Blood coagulation Factor ix

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Gene introduction

Blood coagulation factor IX is an enzyme which is a serine protease which is closely related to trypsin. Factor IX is synthesised in the liver and its production is vitamin K dependant. From being synthesised in the liver, coagulation factor IX circulates the blood as a zymogen (inactive precursor), when it is activated and becomes part of a complex pathway (blood coagulation cascade). Coagulation Factor IX is also known as F9 or Plasma Thromboplastic Component, if the gene is defected it can cause haemophilia B (Christmas disease). Factor IX is found on the long arm of the X chromosome as seen in the Diagram 1, the descriptive make up of FIX can be seen in a gene map (diagram 2).

Factor IX is roughly 34 kb long, it contains eight exons and its DNA transcript is 2803 bases in length. As Factor IX and its disorder are X linked, naturally it is males who have the disorder as males only have one X chromosome. Therefore Factor IX is carried by females and its disorder is recessive, however, in rare cases Haemophilia B has been found in females that have more than one defective factor gene.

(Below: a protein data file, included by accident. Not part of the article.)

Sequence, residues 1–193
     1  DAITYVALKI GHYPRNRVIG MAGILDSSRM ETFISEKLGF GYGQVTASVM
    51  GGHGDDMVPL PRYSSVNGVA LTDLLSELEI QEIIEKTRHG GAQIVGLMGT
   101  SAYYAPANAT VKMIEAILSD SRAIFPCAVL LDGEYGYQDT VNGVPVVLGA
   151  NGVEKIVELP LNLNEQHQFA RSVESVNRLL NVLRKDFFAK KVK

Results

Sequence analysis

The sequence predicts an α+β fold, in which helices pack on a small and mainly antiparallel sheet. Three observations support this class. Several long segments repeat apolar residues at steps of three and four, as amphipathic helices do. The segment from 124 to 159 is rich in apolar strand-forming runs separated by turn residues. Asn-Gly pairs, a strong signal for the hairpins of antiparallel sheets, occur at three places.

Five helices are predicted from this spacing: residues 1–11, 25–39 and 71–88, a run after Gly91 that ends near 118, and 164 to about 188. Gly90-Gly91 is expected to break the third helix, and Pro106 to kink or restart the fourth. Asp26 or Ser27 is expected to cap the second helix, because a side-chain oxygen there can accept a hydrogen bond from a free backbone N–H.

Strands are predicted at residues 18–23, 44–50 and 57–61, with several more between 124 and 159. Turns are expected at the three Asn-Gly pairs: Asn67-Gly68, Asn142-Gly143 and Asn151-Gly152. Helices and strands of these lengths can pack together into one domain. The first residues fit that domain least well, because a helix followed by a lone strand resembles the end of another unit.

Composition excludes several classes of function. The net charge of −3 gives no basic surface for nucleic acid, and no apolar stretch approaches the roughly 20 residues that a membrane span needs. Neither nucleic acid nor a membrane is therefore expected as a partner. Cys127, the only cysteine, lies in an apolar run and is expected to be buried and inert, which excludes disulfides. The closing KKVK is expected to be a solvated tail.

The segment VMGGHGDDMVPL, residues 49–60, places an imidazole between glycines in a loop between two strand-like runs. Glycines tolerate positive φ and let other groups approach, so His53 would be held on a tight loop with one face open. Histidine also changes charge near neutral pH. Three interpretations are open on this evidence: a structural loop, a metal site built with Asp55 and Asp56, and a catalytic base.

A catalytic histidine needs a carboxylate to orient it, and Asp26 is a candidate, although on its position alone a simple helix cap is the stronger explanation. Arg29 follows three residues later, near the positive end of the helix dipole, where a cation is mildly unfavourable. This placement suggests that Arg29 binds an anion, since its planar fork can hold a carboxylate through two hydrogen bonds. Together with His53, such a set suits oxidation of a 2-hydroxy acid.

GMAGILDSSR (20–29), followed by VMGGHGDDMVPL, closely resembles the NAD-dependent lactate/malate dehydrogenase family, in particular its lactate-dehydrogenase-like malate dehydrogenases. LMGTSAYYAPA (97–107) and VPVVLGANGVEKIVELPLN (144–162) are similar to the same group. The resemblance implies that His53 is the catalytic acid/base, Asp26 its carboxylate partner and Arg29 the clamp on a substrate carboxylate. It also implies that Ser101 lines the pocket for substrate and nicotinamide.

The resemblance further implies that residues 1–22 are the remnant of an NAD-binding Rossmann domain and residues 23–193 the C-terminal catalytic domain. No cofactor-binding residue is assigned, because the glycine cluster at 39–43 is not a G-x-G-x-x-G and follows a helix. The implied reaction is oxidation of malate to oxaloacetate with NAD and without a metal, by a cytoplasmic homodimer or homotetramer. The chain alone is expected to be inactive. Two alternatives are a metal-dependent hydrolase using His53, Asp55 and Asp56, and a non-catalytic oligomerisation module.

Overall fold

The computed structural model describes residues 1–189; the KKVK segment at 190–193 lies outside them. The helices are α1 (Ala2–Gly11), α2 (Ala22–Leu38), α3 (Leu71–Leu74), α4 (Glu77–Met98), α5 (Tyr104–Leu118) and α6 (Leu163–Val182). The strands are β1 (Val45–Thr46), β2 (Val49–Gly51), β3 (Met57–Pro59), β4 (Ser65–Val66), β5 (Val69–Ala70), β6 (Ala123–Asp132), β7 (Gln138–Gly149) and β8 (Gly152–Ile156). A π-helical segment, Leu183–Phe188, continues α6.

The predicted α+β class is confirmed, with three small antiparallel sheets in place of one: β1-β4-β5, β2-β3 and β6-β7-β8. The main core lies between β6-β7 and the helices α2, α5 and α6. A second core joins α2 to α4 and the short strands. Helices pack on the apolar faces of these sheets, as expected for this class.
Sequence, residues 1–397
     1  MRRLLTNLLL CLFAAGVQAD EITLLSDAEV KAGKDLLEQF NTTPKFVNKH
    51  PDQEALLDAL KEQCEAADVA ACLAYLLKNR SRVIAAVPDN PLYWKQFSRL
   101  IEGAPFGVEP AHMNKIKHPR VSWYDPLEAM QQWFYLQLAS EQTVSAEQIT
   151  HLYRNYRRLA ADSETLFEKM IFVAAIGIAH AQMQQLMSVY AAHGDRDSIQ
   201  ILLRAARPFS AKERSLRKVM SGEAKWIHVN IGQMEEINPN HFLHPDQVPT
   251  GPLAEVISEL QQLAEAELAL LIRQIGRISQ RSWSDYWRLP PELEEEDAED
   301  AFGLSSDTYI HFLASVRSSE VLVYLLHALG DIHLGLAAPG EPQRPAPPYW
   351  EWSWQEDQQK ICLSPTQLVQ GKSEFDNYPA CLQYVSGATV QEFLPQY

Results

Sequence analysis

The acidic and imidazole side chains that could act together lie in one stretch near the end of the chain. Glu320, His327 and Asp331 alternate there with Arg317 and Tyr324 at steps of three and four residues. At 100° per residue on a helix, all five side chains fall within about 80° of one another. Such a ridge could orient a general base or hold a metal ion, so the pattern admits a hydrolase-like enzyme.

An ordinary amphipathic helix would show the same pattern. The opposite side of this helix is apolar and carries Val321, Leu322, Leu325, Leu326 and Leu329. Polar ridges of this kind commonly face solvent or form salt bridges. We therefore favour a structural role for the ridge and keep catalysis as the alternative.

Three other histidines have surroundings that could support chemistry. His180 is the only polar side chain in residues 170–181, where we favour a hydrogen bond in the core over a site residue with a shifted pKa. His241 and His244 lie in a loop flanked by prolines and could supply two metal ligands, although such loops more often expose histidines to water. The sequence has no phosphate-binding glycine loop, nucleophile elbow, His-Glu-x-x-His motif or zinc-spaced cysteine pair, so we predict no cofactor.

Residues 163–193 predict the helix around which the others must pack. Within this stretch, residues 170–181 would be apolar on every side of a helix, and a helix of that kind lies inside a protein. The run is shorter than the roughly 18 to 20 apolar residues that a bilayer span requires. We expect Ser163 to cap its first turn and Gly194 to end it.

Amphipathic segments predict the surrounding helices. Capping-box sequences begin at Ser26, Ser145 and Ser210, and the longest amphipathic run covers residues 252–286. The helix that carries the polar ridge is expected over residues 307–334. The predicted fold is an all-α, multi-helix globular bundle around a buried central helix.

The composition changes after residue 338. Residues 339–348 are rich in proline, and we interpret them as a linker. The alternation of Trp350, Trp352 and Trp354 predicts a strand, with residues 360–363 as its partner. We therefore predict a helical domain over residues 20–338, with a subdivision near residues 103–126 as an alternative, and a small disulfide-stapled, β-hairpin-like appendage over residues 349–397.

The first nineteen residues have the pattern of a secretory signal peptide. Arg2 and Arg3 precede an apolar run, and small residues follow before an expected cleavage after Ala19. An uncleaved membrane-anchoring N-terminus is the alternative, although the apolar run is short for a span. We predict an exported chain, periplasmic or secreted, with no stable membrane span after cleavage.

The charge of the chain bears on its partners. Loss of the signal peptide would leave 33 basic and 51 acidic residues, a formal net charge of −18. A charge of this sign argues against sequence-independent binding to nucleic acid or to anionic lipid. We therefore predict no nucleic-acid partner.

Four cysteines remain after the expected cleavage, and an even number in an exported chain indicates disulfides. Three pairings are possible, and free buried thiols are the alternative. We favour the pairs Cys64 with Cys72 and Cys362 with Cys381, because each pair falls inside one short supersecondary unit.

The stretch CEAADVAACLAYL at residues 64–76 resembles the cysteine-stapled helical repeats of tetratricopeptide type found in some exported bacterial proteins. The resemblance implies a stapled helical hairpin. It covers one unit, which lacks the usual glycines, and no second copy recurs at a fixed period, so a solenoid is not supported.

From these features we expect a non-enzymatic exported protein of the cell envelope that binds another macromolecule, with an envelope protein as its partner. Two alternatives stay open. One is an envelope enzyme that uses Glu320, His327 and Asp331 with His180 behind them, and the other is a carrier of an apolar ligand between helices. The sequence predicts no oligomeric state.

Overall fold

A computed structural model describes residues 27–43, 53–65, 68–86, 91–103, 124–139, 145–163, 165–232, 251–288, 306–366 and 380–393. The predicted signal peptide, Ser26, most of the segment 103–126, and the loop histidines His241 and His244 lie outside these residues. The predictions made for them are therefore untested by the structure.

Factor IX and the Coagulation Cascade

Blood Coagulation is the process where strands of fibrin (fibrous protein) form a mesh that binds to various components in the blood to form a blood clot. Coagulation involves many activation steps of a number of factors that are normally present in the blood in an inactive form (table 1). The process is a cascade of reactions that has a domino effect, one activated factor activates another:

Zymogen (inactive factor in blood)

Activated clotting factor

Activated clotting factor

The blood coagulation cascade has both intrinsic and extrinsic pathways; these pathways are needed together for normal hemostasis. Factor IX plays a role in the intrinsic pathway. The intrinsic pathway is activated when a blood vessel is damaged and blood comes into contact with collagen, at this stage damaged platelets release phospholipids. This starts off the cascade to which some of the factors shown in table 1 are activated (diagram3).

As shown in diagram 3, Factor IX is activated by Factor XIa and Ca2+, once Factor IX is activated it then acts together with the platelet phospholipids and Factor VIII to activate Factor X. When Factor X is activated by both the intrinsic and extrinsic pathways it will follow down the final common path where fibrinogen (soluble) is converted into fibrin (insoluble) is produced therefore stopping the bleeding and forming a blood clot.

Mutation of Factor IX